Date of Award
W. Page Pitt School of Journalism and Mass Communication
Type of Degree
In the 1998 general election, Marie Redd became the first African American elected to the state senate in West Virginia. In the 5th District Senate race for her seat in the Legislature, Redd overcame the influence of opponent Tom Scott's incumbency, as well as his race and gender. Then, in the 2002 primary election, the freshman senator lost her seat to Evan Jenkins, also a caucasian male and a former member of the West Virginia House of Delegates. Previous research has shown that media treat candidates differently according to their race and gender and researchers have indicated the need for more studies in the areas of gender, race and politics. This content analysis of coverage of the West Virginia general election in 1998 and primary election in 2002 investigates the differences in coverage of the African American female candidate and the caucasian male candidates in the state's two largest newspapers, The Herald Dispatch and The Charleston Gazette. This study focuses on the amount of coverage, the tone of stories, the placement of stories, and references to candidates' race, gender, and occupation.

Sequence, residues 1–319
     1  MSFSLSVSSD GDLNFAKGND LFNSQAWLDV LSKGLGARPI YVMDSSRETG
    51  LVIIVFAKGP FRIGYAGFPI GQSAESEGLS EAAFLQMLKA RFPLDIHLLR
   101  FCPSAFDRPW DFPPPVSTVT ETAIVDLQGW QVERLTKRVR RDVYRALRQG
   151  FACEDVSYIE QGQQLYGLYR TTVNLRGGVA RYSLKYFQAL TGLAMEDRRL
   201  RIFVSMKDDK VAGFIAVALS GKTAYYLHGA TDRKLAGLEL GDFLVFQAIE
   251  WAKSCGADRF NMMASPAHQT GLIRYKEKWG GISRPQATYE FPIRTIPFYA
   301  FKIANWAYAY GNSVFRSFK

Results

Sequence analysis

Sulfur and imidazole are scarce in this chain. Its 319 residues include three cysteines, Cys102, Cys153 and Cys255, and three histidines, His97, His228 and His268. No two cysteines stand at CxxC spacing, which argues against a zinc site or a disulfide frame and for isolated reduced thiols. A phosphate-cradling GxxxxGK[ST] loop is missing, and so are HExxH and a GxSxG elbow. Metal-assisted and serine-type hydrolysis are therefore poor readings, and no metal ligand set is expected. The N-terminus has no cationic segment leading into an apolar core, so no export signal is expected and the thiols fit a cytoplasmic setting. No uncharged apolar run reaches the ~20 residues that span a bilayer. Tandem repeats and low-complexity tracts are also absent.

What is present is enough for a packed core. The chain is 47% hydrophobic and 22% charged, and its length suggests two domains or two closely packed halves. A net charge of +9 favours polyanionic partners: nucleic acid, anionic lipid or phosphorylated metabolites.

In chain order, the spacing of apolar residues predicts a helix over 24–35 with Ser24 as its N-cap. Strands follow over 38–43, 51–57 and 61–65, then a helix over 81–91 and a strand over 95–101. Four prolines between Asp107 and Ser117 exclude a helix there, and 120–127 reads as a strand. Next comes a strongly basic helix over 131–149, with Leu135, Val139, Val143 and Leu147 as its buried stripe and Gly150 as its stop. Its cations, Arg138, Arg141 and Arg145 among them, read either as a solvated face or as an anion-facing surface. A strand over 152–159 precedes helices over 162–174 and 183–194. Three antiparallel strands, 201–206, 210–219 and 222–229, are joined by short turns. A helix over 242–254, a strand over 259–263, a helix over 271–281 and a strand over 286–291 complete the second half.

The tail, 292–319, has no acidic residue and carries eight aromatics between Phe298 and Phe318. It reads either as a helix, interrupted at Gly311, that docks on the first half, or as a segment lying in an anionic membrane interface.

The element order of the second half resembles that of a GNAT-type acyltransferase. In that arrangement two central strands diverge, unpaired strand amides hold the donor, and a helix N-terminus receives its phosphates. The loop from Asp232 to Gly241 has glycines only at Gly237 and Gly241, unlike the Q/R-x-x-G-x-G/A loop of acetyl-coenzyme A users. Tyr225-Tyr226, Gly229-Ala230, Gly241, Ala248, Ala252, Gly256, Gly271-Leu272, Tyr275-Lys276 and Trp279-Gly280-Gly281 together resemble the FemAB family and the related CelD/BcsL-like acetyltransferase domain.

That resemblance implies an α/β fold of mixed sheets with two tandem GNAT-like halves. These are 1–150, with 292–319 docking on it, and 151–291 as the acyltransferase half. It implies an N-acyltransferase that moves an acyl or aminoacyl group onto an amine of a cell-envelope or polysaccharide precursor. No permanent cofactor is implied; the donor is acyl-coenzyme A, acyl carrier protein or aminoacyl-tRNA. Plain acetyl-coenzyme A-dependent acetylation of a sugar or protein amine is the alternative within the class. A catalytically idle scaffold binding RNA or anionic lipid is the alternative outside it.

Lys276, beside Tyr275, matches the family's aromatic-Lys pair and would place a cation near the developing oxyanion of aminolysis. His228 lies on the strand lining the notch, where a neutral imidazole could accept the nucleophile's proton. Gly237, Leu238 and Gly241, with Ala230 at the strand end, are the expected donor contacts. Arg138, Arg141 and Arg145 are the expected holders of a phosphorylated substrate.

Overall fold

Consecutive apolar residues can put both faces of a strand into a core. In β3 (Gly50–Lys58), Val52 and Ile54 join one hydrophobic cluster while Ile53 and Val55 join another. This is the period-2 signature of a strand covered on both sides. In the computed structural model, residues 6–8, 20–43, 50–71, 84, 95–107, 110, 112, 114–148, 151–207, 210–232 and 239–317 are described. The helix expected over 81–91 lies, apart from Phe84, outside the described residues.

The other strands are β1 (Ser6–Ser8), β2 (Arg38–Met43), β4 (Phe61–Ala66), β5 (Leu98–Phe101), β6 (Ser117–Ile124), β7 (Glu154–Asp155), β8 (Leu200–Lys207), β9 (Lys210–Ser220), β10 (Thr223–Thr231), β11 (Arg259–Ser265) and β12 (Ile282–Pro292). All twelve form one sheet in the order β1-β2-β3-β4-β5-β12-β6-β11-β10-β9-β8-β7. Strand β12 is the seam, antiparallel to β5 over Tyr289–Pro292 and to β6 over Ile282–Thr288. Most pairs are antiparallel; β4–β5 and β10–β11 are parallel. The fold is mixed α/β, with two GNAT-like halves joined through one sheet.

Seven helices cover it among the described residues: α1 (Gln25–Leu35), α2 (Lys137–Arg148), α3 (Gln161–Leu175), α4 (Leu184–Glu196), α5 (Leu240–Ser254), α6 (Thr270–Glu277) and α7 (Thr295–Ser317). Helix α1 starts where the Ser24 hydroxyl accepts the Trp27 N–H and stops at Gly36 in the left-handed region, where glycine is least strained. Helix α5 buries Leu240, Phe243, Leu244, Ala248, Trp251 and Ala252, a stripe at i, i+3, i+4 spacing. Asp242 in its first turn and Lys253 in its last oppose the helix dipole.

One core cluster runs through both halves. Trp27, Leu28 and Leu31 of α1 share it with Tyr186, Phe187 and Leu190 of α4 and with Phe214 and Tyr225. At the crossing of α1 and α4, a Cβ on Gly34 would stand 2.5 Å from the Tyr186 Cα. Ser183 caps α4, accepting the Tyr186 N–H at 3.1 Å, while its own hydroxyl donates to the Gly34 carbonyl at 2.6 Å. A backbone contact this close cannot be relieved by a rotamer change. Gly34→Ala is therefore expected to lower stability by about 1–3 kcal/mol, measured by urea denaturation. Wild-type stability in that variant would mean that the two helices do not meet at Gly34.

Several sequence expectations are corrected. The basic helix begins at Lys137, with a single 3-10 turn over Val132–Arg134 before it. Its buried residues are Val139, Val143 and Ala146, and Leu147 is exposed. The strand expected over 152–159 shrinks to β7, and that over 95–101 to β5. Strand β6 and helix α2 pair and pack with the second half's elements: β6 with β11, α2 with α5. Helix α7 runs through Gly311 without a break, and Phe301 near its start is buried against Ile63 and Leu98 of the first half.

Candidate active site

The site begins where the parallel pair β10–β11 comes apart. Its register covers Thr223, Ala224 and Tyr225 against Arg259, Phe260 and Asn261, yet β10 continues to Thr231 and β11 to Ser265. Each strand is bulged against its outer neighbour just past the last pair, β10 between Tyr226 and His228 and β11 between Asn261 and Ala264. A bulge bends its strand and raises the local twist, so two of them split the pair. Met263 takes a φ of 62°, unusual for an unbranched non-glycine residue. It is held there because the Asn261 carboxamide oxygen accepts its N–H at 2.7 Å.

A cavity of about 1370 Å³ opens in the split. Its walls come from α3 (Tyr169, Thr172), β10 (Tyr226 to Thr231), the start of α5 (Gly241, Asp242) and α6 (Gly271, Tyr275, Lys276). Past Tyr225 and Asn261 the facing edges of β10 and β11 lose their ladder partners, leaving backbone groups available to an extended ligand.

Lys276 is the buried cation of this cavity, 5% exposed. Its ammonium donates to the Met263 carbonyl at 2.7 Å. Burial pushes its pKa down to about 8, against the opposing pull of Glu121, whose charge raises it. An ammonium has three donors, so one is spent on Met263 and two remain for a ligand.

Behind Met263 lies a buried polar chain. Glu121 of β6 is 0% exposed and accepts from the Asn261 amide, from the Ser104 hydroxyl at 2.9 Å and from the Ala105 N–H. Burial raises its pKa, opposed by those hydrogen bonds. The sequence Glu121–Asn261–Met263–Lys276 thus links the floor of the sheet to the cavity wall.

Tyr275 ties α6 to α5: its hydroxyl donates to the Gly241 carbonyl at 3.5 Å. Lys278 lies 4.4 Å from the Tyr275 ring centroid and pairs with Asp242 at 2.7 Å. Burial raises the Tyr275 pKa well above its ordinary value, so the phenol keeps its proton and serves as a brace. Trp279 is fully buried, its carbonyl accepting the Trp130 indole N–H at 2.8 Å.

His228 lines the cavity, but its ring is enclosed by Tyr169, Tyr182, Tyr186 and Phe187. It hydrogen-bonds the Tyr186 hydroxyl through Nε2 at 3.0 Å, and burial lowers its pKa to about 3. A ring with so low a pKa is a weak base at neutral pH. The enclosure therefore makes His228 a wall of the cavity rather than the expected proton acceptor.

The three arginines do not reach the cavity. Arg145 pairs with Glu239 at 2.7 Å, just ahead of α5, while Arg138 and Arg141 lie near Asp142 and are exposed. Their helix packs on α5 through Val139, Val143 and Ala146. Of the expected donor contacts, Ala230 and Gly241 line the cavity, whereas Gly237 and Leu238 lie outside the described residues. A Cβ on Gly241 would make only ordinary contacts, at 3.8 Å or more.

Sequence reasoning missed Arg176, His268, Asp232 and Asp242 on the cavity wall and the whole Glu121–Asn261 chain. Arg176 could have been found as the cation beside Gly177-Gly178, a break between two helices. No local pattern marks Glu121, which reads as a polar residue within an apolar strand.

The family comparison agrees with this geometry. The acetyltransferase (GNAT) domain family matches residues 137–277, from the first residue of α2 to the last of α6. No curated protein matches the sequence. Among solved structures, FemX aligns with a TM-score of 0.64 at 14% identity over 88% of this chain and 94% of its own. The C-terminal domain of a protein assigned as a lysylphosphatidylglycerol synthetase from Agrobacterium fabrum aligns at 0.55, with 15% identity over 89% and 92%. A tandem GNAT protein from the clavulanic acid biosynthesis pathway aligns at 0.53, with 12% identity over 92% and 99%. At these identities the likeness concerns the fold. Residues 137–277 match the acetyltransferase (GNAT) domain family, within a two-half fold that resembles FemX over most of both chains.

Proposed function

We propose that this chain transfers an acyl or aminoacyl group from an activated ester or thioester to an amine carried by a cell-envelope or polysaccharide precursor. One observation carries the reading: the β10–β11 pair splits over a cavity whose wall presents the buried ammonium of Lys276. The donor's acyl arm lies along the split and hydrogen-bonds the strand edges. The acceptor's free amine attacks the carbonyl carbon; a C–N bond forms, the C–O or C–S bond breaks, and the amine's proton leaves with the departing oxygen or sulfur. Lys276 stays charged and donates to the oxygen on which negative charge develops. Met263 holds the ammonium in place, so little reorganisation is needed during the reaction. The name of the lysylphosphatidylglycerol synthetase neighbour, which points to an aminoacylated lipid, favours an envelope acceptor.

African-Americans - Politics and government
Women in media
Press and politics
Marsh, Lynne, "Race for the Senate–A Content Analysis of the Campaign Coverage of West Virginia Senate Candidates Marie Redd and Tom Scott in 1998 and Marie Redd and Evan Jenkins in 2002" (2004). Theses, Dissertations and Capstones. 118.